MY YOGA WARM-UP + A SHORT VIDEO

MY YOGA WARM-UP + A SHORT VIDEO

Posted June 01, 2012

I’m not a naturally flexible person. I make sure I tell this to my students often. Why? Because when I first starting practising yoga (I was constantly in throws of frustration towards my body and its limitations) I would’ve LOVED to hear from my bendy, strong teachers that they, like me, weren’t flexible, or a gymnast, or a dancer. It would’ve reminded me that if I believe in myself, dedicate to this practice and persevere with mind and body that anything is possible. And it is. But, my naturally inflexible body has come a long way. I probably will never be able to do everything that yoga offers. It doesn’t matter though, because each day something different happens, my body evolves, my understanding deepens and my love affair continues. Because of that, everyday I dedicate myself to it. Even if it’s just for five minutes each morning, or 20, or 2 hours, whenever I can get on my mat, I do. Especially when I am busy. And last week, that is what happened. I was busy, but I reminded myself what I say to my students all the time. It’s the busy moments when we need to hit the mat even more. Just for a moment or two. So I filmed my morning warm-up practise to demonstrate the simplicity in taking 20 minutes to hit the mat, to stretch and move in anyway your body asks you to. If I don’t, my body feels stiff for hours, it’s not happy and I don’t blame it. In this video, despite feeling a little stiff after two days off and with a lower back injury I find that my warm-up still made me feel realigned and open, corrected even.  Yoga corrects me. It reminds me to stand tall, to think and feel with lightness, to respect my body and breath and to realign me – energetically, physically, mentally, emotionally – each and everyday. I sped the video up so it doesn’t take long to watch. [youtube=http://www.youtube.com/watch?v=MK8_WdTe4_0?version=3] Yoga isn’t about demonstrating flexibility. Yes, as some point flexibility is required for some poses. But, you don’t need flexibility, or strength, or co-ordination to feel how yoga can ‘correct’ you. In fact, just being on the mat, trying, dedicating to it and embracing it, therein is the act of yoga. And, it’s not just the asana that literally makes your body realign, the self-awareness and understanding born from yoga practice literally corrects, changes, reshapes the way you view the world, people in, situations, attitudes. It brings you into a clear state of being – mind, body and breath. I understand that yoga might not be for everyone. Fair enough. But if you even have a small inkling that it might, hit the mat. Try it. Just once. You might stand corrected. Signing off with an exhale. Pause. Exhale. Live. Claire x Read more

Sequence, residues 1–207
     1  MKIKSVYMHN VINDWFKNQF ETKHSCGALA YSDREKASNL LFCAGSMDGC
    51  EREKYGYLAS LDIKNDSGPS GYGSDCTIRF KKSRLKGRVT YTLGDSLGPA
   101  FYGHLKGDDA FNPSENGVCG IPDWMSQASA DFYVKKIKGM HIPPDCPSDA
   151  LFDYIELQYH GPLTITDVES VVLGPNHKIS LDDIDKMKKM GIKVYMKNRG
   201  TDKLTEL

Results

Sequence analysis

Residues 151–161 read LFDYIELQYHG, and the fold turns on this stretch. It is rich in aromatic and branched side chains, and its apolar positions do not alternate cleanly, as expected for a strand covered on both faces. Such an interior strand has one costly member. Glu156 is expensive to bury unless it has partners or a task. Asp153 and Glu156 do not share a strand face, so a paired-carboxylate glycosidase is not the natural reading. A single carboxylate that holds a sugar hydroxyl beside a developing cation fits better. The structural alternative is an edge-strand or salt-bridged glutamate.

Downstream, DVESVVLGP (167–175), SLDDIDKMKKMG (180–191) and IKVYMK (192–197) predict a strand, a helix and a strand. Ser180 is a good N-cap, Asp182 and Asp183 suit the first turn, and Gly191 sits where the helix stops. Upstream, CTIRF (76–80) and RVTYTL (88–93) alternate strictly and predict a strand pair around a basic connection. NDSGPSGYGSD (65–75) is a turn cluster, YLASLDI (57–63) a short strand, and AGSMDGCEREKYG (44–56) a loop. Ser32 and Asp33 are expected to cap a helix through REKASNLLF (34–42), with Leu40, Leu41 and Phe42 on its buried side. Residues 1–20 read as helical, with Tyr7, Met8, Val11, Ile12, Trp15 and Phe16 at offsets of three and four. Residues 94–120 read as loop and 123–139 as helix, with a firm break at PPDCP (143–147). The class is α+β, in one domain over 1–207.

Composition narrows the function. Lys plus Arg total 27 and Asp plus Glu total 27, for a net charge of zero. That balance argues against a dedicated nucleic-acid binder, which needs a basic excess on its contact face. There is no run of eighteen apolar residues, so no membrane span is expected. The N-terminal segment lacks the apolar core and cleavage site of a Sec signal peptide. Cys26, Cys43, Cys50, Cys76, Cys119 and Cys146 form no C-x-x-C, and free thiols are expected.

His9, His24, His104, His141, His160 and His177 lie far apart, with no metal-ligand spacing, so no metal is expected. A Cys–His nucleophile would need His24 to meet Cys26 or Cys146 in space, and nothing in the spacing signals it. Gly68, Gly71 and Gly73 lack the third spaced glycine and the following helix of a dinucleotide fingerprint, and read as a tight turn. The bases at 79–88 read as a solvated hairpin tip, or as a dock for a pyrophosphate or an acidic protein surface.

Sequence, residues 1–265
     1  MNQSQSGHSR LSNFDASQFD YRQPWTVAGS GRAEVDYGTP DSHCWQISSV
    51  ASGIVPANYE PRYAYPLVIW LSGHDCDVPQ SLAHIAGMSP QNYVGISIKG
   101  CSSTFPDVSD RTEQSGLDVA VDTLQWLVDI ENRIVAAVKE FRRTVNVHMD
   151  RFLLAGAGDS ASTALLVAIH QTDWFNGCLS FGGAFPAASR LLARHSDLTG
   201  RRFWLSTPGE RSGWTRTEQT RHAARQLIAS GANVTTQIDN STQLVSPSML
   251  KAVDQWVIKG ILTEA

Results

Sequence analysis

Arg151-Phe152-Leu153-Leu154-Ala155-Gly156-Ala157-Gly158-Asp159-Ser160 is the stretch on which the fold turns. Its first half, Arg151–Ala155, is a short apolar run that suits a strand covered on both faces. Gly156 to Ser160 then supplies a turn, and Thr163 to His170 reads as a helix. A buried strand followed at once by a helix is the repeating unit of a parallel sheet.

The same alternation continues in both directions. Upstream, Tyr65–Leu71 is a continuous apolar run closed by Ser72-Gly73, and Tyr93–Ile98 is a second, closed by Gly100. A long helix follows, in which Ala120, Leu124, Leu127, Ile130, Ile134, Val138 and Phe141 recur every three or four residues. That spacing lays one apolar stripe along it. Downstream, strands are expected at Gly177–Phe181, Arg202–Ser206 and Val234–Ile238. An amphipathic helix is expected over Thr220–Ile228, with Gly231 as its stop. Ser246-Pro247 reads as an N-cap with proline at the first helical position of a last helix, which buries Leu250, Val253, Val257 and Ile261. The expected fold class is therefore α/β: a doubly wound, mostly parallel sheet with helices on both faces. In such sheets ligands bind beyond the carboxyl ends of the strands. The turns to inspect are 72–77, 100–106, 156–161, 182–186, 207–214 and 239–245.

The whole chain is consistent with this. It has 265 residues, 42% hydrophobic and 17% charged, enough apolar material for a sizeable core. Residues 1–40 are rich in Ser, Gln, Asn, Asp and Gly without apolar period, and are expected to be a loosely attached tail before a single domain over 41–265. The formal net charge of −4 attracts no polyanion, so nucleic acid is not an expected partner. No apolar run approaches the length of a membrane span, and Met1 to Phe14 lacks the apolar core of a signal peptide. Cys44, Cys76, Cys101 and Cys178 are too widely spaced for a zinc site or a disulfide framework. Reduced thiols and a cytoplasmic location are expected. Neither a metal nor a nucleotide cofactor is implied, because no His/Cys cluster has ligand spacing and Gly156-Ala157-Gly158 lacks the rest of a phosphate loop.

LIGHT ON YOGA… PARSVA BAKASANA

LIGHT ON YOGA… PARSVA BAKASANA

Posted February 09, 2012

At the Phoenix Weekend, which I recently blogged about, I finally cracked Parsva Bakasana during Katy Appleton’s Hot Flow Class. Can I get a Whoop, Whoop!? It wasn’t hot as in heat, it was hot meaning we worked deep into our core, the fire centre or manipura chakra – where our sense of power and esteem resides. It was an unbelievable class that blended elements of kundalini, traditional hatha, vinyasa flow and even martial arts movements. It was dynamic but considered. Katy provided a few amazing pointers that made Parsva Bakasana make sense to me! I’ve been able to do Bakasana for a while and Parsva was happening, but often it wasn’t so crash hot, or I wouldn’t last in it for very long. Ms Apple made that happen. Here is the step-by-step I wrote down after the class: 1.    Bend your knees to a half-squat, thighs parallel to the floor. Glue the knees and things together Take your left elbow to the outside of your right thigh as you soften your belly 2.    Exhaling, drawing the lower belly in, twist your torso to the right, bringing your left lower ribs across toward your right thigh as far as you can. 3.    Make a fist with your left hand and push down with the right whilst you twist up to the ceiling – this specifically was an apple tip which really helped you to twist more. 4.    Slide the back of your left arm down the outside of the right thigh, bringing your armpit as close to the thigh as possible. 5.    Keep twist the body to press the left arm snugly alongside the thigh and the right elbow is pointing up to the ceiling. 6.    Squat down fully until the sit bones are just above the heels. Place the left palm to the floor, outside the right foot. Lean the body to the right if your hand doesn’t reach. 7.    Keep the left arm pressed into the right thighs. Then, place the right hand down in line with the left, shoulder width apart, 8.    Keep the weight on the feet, then press into the hands and lift the hips high. Here is the key – you won’t be about to elevate off the ground if your hips are low and you are just leaning into the hands. 9.    Maintain contact between left arm and right thigh. Keep lifting pelvis and inch the feet forward. Lean the body to the right. Move the left hip forward and around in a clockwise motion. 10.Increase the weight onto your hands until you can feel the weight ease from your feet. It’s here, whilst the hips are high, the body leaning into the hands via the left thigh, which you can start to raise the feet and elevate. 11.Once you are there, exhale fully, draw the belly in to lift and tuck the feet in. Straight the right arm. Left can stay slightly bent. Easier said than done. It takes practice and then some. But it’s fun and a great way to break through a few boundaries, showing you what your body is capable of. Have fun! Signing off with an exhale. Pause. Listen. Live Cx Read more